Category Archives: Wyoming
There are certain things people know about Jackson Hole, Wyoming. For example, it’s a great place to ski in the winter and engage in a number of outdoor activities in the summer. However, the area is associated to a range of fascinating facts.
Did you know Yellowstone was the world’s first national park? And, did you know it was declared so even before Wyoming became a state? Continue reading to learn a number of things most people don’t know about Jackson Hole and the surrounding area.
- Another national park, Grand Teton, was established in 1929 and expanded in 1950 thanks to John D. Rockefeller. He donated 30,000 acres.
- The National Elk Refuge resides close to the town and is the largest of its kind in North America. Over 7,000 elk spend the winter on the refuge. Visitors take sleigh rides there from December up until April. The world’s only public auction of elk antlers takes place at Jackson Town Square, near Jackson Hole lodging, each year in May. Local Boy Scouts collect the antlers, which are shed at the refuge.
- Almost all of Teton County’s 2.6 million acres are federally owned or state managed. Only 3% of the land there is privately owned.
- The town of Jackson elected the first all-women city council in 1920. Another first involves the New York Philharmonic that held the first summer residency in Jackson Hole in July of 1989. Also, Wyoming’s first ski area, Snow King, was opened in 1939.
- Are you a movie fan? John Wayne’s first speaking role was in The Big Trail, which was filmed in Jackson Hole in 1929. It’s also theorized to be the first time that he rode a horse. Over fifteen films have been made in Jackson Hole including Rocky IV and Django Unchained.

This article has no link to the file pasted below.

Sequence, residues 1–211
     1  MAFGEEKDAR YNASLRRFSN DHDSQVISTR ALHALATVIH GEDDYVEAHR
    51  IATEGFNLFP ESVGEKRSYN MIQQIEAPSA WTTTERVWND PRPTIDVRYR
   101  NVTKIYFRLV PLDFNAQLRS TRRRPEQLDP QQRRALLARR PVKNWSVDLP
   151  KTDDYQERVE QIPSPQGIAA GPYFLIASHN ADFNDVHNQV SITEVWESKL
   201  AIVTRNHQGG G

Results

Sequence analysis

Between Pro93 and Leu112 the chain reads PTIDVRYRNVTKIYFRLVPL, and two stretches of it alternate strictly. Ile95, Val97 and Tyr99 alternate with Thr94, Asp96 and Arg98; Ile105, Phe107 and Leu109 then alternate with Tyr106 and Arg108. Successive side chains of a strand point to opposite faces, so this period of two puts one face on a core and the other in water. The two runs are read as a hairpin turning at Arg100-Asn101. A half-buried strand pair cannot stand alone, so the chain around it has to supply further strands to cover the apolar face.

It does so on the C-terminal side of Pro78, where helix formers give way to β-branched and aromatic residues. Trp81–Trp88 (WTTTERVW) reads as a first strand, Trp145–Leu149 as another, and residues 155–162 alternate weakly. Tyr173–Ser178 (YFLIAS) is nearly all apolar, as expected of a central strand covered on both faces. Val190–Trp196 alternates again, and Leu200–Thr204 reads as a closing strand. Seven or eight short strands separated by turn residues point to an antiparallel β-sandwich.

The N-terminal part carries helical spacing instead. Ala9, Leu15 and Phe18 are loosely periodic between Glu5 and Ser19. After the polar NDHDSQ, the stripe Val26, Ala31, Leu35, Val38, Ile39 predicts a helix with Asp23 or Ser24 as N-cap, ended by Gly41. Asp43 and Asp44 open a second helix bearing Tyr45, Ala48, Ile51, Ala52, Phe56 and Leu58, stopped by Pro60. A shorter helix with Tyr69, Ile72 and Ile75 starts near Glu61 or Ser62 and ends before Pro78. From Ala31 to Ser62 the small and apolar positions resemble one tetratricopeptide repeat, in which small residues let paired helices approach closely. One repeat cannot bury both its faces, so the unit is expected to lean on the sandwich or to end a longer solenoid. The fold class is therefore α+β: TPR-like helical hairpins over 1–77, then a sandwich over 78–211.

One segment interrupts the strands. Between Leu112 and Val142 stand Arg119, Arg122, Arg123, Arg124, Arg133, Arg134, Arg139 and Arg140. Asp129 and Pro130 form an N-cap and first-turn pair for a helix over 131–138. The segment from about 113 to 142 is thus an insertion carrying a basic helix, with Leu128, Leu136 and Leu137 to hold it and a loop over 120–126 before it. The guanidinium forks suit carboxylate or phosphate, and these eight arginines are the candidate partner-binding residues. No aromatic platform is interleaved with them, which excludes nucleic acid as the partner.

- The Jackson Hole Mountain Resort has one of the lowest base elevations of ski areas in the Rocky Mountains. Most ski resorts in the area are between 7,000 and 9,500 feet, but Jackson Hole’s is just over 6,300.
- The Yellowstone area hosts over 60 species of mammals, more than 100 species of birds, and a half dozen game fish. Rare species include the bald eagle, osprey, and the mountain whitefish.
- Yellowstone National Park has 10,000 active thermal features. Old Faithful erupts every seventy-seven minutes.
- The first ascent of Grand Teton, the highest peak at Grand Teton National Park, is up for debate. William Owen, Bishop Spalding, John Shive, and Frank Petersen claimed the first climb in 1898. Though Nathaniel Langford and John Stevenson did it before in 1872 during the Hayden Expedition.
- Jackson Hole was originally called Jackson’s Hole, named after David E. Jackson, a beaver trapper. The area was his favorite trapping ground, and his partner, Bill, referred to it as Jackson’s hole.
- The fur trade era ended at Green River. The beaver supply was exhausted by two major companies, The American Fur Company and the Rocky Mountain Fur Company. Beaver felt hats were replaced by silk hats.
Now you can impress your friends with your extensive collection of rare and interesting Jackson Hole facts!
Patricia May has worked in the travel industry as a consultant for many years. she enjoys the opportunity to share her insights and experiences online. Her thoughts can be found on a number of travel-related websites.